Maverick Life

Maverick Life

Review: A little shop of hilarity

Review: A little shop of hilarity

There’s only one show in the world where the actors have to make sure they’re not upstaged by a plant. It’s ‘The Little Shop of Horrors’, where a gloriously colourful growing, singing and chewing plant could put timid actors in the shade. By LESLEY STONES.

There’s no chance of that for the excellent crew assembled in this KickstArt production, with the great cast delivering a splendid feast of song and dance, humour and a touch of tender romance too.

It’s enormous fun and pure sci-fi schlock, brilliantly written in the style of the 1950s. The first smiles come as soon as the screen pulls back to reveal the stage set, with a couple of bums sprawled out in the trash on Skid Row and a florist’s shop set back above them. After that you don’t stop smiling, particularly if you listen to the song lyrics that are bursting with wit as well as carrying a good tune.

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Comic actor Alan Committie and straightman Michael Richard lead the cast in this old show that’s still bursting with merriment. Committie plays Seymour, the woebegone florist’s assistant who comes across an unknown species of plant after a solar eclipse. He nurtures it carefully, by discovering that the alien entity has a thirst for human blood.

I’d expected Committie to ham it up flamboyantly, but he stays true to the hamfisted Seymour and delivers an unexpectedly sensitive performance. His singing voice is very credible too, showing a side of Committie that’s often lost when he’s chasing the laughs.

Richard’s singing voice isn’t something you’d want to rely on, but he’s excellent in the role of the threadbare Jewish florist trying to make a buck on skid row.

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There’s a lovely danced duet between Committie and Richard when the wily florist tries to secure his suddenly blooming future by formally adopting his orphaned assistant.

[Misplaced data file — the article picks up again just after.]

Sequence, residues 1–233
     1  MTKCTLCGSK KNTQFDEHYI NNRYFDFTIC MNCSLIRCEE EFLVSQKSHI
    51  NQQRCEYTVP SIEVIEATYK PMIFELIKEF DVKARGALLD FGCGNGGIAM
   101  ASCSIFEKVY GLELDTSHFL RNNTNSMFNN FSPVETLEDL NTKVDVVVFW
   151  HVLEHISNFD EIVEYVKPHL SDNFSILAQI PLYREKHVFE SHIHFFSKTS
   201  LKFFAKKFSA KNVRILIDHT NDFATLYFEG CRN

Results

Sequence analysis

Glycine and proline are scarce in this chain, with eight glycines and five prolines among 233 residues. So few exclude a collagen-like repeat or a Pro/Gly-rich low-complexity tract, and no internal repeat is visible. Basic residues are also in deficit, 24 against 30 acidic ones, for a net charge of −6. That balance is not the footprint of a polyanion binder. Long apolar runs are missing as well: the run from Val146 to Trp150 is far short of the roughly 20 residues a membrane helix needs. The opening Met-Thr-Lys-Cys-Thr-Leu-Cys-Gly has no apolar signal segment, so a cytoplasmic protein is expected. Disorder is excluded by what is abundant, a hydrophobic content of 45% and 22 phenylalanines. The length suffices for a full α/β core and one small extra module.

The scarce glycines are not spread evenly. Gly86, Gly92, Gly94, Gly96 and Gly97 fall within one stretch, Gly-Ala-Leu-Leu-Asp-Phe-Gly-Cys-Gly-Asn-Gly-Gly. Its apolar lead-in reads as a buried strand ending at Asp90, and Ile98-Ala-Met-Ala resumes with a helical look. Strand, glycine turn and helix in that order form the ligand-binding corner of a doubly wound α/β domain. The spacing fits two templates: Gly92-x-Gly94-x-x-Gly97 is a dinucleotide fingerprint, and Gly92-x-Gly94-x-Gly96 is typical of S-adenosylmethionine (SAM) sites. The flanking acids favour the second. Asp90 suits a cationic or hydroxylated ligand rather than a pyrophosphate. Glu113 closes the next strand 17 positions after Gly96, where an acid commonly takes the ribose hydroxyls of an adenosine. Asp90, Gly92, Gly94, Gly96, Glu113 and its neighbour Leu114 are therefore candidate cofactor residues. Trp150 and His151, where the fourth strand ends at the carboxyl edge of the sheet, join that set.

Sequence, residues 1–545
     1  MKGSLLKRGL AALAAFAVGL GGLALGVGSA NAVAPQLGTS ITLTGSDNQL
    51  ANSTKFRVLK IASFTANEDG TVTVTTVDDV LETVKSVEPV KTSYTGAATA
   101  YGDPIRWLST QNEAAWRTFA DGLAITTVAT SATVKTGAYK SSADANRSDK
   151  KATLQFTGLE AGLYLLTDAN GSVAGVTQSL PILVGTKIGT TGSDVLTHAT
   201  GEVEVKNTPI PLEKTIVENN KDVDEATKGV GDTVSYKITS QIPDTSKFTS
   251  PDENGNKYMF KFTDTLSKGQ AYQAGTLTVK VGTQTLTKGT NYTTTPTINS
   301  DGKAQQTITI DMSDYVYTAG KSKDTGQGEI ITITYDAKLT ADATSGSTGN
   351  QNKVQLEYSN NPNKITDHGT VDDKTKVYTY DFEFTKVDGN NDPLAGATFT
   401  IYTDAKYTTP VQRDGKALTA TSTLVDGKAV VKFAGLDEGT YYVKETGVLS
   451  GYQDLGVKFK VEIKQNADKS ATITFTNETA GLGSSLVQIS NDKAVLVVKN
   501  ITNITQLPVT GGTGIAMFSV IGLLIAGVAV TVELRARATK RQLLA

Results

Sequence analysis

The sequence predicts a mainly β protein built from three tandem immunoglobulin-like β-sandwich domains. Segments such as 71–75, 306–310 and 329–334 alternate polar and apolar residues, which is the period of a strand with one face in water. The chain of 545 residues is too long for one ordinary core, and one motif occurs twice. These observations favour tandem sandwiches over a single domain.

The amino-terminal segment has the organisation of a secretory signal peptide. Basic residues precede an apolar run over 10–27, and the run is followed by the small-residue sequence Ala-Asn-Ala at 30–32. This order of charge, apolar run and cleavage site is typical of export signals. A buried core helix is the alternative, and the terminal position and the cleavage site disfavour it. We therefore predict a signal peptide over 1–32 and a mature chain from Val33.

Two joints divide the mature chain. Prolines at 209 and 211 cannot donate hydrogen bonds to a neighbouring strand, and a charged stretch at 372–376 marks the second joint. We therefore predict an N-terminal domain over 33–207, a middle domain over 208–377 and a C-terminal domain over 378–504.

The love interest comes in the shapely and astonishingly squeaky Aubrey, played by Candice van Litsenborgh. Her breasts arrive on stage long before the rest of her, and her shrill voice lingers after her departure. She’s a ditzy delight, but van Litsenborgh gives her far more substance than a mere cartoon caricature.

The other main character is her boyfriend Orin, a sadistic dentist. (Is there any other kind?) Zak Hendrikz plays the part with a swagger and an unlikely touch of camp rather than machismo. He carries it off well, and his facial expressions when he starts snorting his laughing gas are pure genius.

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Adding to the action are the three doo-wop singers, cheekily named Chiffon, Crystal and Ronette, in homage to the popular girlie groups of the era. Pay attention to the lyrics because they’re bristling with clever twists, like the moment they describe the leather-clad motorbiking dentist as the Leader of the Plaque.

Then there’s the plant, of course, a rich, rippling, growing creation that adds more gaudy colour to an eye-popping set that’s already bursting with vibrancy. Set designer and plant-daddy Greg King has done a superb job with both.

The Little Shop of Horrors was written by Howard Ashman with music by Alan Menken, based on a low-budget comedy horror film of 1960 that sent up B-grade Sci-Fi movies.

This version by Durban-based KickstArt won nine Durban Theatre Awards in 2009. Six years later it’s back with the same creative team led by director Steven Stead, and it deserves to devour some more awards. DM

The Little Shop of Horrors runs at Montecasino Theatre until August 9. Tickets from www.montecasino.co.za or Computicket.

www.lesleystones.co.za

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